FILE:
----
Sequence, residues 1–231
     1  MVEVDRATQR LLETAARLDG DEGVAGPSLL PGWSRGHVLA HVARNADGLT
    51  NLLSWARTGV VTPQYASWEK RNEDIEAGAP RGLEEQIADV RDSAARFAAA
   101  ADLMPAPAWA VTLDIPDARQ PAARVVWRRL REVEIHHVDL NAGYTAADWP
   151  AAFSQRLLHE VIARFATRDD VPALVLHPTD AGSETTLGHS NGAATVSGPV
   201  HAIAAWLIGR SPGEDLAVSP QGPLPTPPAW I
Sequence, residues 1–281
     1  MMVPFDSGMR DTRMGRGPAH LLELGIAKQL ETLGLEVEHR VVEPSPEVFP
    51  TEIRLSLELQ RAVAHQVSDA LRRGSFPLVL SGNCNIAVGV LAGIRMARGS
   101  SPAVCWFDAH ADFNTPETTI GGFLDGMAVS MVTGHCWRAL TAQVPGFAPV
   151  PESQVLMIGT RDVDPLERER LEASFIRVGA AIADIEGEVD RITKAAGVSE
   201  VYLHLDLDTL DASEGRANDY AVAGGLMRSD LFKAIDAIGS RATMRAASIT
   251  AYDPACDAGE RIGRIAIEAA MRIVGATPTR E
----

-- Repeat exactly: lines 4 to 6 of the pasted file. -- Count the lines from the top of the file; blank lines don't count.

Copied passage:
   101  ADLMPAPAWA VTLDIPDARQ PAARVVWRRL REVEIHHVDL NAGYTAADWP
   151  AAFSQRLLHE VIARFATRDD VPALVLHPTD AGSETTLGHS NGAATVSGPV
   201  HAIAAWLIGR SPGEDLAVSP QGPLPTPPAW I